Credit: Well Go USA
by Daniel Gorman Featured Film Genre Views

Exhuma — Jang Jae-hyun

June 14, 2024

Director Jang Jae-hyun’s new supernatural thriller Exhuma covers a lot of ground during its two-plus hour runtime; what begins as a detailed procedural gradually gives way to ghostly possession, demonic resurrection, and eventually a pointed examination of the bitter history between Imperial Japan and South Korea. Indeed, the exhumation of the title is not just referring to literal description of digging up bodies (although there is plenty of that) but also an excavation of a historical trauma. There’s a lot to chew on here, but at least Exhuma is never boring.

Things kick off with shaman Hwa-rim (Kim Go-eun) and her protege Bong-gil (Lee Do-hyun) arriving in Los Angeles at the behest of a wealthy Korean businessman, Park Ji-Yong (Kim Jae-chul). He now lives abroad with his wife and elderly father and is convinced that a vengeful spirit is haunting his newborn son. The child is, according to doctors, in perfect physical health, and yet won’t stop crying unless heavily sedated. Mr. Park wants Hwa-rim to investigate and then solve this supernatural conundrum. She takes the job, returning to Korea to enlist the aid of Kim Sang-deok (Choi Min-sik) and Yeong-geun (Yoo Hae-jin), two old-timers prone to bemoaning the state of their peculiar industry. Kim helps clients select the perfect plot of land on which to place their final resting spot, while Yeong-geun runs a mortuary. Together, they also assist families whose ancestors were incorrectly buried or are otherwise displeased with their afterlife.

These early scenes have a peculiar energy; Jang presents this squad of paranormal investigators as straightforward, almost quotidian, working-class laborers. There is no time wasted on convincing other characters (or the audience) of the veracity of their various claims — in this world, the vengeful spirits of deceased family members are very real, and can only be dealt with via various rituals and some very specific expertise. They are not crooks or con artists, although money is tight (critics who have compared Exhuma to Ghostbusters aren’t exactly wrong, although the comparison is of limited utility). Eventually, the group uncovers the resting place of Mr. Park’s grandfather. Kim is reluctant to move forward with the job — the remote resting place (nestled near the DMZ between North and South Korea) and discrete tombstone are incongruous with the man’s social status at the time of his death. Kim refuses to complete the job, but the others need the money, and the wealth of Mr. Park trumps all other concerns.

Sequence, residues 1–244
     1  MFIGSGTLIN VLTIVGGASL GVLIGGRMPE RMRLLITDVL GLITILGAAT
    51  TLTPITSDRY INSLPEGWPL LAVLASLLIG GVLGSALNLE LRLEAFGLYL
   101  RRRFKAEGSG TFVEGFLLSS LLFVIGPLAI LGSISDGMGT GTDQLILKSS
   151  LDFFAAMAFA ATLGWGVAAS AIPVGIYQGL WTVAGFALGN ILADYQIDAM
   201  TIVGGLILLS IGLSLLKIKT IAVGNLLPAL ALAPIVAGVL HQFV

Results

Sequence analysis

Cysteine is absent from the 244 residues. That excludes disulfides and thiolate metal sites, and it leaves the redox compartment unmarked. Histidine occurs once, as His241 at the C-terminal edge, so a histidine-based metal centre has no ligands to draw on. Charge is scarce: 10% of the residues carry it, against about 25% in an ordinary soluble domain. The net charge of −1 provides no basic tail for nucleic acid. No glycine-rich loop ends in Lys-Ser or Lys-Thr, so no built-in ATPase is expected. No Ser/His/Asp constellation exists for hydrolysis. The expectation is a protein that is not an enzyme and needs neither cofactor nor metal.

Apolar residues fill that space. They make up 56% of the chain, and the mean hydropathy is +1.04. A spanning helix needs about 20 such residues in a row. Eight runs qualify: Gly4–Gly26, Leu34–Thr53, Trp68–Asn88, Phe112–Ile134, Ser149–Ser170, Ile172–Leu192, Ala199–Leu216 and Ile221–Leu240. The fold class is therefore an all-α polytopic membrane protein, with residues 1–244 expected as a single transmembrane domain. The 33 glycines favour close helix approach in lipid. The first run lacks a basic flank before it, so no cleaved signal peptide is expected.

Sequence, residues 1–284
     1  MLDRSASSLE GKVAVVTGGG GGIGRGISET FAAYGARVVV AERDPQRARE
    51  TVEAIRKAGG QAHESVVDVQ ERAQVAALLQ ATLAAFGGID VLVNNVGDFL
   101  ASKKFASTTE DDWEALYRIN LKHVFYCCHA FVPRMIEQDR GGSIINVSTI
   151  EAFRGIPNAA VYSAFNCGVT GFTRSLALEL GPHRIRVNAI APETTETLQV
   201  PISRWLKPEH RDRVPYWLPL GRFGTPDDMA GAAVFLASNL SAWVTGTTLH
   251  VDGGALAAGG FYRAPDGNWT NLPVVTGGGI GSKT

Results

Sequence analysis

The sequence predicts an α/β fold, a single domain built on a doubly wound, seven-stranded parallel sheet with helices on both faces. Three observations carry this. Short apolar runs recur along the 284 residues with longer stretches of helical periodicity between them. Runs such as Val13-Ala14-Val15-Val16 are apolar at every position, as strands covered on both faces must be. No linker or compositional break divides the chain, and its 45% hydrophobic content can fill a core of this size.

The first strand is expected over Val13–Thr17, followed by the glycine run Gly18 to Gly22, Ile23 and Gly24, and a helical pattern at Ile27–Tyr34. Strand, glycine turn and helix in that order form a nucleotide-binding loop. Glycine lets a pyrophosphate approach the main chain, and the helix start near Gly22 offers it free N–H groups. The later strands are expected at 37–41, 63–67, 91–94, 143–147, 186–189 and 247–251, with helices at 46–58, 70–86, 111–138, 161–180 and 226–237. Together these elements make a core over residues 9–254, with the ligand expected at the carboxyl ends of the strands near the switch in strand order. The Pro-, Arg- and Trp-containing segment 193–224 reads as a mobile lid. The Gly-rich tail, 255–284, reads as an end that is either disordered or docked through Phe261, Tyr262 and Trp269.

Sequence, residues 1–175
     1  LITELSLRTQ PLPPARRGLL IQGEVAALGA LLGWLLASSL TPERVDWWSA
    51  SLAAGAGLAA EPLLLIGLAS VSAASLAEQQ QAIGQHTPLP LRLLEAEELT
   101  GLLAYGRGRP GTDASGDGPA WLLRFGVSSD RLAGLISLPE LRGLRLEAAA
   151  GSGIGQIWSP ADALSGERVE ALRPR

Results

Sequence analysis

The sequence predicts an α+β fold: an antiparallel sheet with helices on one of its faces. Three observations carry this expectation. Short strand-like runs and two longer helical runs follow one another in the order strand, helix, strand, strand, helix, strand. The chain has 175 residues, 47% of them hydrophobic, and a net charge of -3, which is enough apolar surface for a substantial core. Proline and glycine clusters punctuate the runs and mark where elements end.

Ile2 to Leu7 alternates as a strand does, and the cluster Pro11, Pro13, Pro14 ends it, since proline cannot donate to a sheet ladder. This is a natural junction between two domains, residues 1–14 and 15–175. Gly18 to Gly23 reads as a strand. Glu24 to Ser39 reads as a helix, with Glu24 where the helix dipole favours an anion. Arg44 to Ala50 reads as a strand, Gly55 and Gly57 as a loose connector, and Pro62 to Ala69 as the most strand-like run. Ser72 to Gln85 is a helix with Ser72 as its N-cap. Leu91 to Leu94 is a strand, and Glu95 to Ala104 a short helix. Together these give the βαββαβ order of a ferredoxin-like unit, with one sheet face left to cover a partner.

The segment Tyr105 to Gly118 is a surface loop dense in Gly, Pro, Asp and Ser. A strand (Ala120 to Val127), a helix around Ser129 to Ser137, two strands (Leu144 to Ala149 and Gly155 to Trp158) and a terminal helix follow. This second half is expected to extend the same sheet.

Soon, the grandfather’s grave is exhumed, a fairly stunning sequence of ritualistic excess involving pig carcasses, tribal drumming, and frenzied dancing from Hwa-rim. Things go awry, of course, and the grandfather’s spirit is unleashed into the world. What follows is a series of distressingly creepy set pieces detailing the spirit’s vengeance taken upon all of its living descendants. Now, it’s a race against time, as Hwa-rim and the others must complete a new ritual to dispel the spirit before it reaches its final victim, the newborn child still in the ICU. Jang has an absolute ball with these ghostly encounters, shooting the specter only in reflective surfaces as it stalks its victims and chokes the life out of them. Genre fans will find their patience amply rewarded here.

In any other movie, the vanquishing of an evil spirit and the ultimate fate of an innocent child would likely be a grand final act. But here, the film is barely halfway over. Several months after the events of the first half, Kim discovers that one of the workers who helped dig up the grandfather’s grave has grown ill. It seems that the man saw a bizarre creature in the dirt of the exhumed site — a snake with the head of a woman — and, in haste, lopped its head off with a shovel. This impulsive act has unleashed a second curse, leading to the discovery of a seven-foot coffin buried vertically beneath the grandfather’s own coffin. Wrapped in razor wire, the group wonders if the coffin is supposed to keep grave robbers out or, more ominously, keep something inside. What follows is a long, detailed accounting of a Japanese shaman and the grandfather’s history as a disgraced collaborator with Japanese invaders in the first half of the 20th century. There’s much mixing of folklores here, including discussions about the differences between Japanese and Korean ghosts, the commingling of Buddhism and Christianity, and the requisite horror imagery that the genre requires. It seems likely that audiences familiar with Korean history and spiritual practices will comprehend more of what’s going on, but the filmmakers are careful to explain things to viewers who might be otherwise unaware of such things. It’s a tricky balance, but one that Jang mostly pulls off. Exhuma is never particularly scary; there is almost no emphasis whatsoever on bed-wetting terror or jump scares. But the film does establish a palpable sense of all-consuming dread, a build-up of uncanny strangeness that fosters an oppressive mood of despair. In other words, Exhuma is a solid little night at the movies for those inclined toward bad vibes.

DIRECTOR: Jang Jae-hyun;  CAST: Choi Min-sik, Kim Go-eun, Lee Do-hyun, Kim Jae-chul;  DISTRIBUTOR: Well Go USA;  STREAMING: June 4;  RUNTIME: 2 hr. 13 min.